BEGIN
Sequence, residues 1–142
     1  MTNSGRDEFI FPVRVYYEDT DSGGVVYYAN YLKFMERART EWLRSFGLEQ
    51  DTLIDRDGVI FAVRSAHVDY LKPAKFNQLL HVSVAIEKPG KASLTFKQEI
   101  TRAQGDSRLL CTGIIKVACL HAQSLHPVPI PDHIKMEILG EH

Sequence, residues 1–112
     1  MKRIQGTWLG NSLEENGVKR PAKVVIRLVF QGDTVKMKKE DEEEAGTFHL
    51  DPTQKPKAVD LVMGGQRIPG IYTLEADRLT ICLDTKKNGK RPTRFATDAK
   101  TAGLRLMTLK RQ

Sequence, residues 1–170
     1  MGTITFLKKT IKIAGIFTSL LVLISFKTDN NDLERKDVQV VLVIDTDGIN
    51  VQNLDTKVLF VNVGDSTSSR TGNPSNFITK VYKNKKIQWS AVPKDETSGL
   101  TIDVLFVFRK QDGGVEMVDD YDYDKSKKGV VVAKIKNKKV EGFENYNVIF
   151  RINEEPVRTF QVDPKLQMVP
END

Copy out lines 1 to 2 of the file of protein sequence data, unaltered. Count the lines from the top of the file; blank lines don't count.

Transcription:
Sequence, residues 1–142
     1  MTNSGRDEFI FPVRVYYEDT DSGGVVYYAN YLKFMERART EWLRSFGLEQ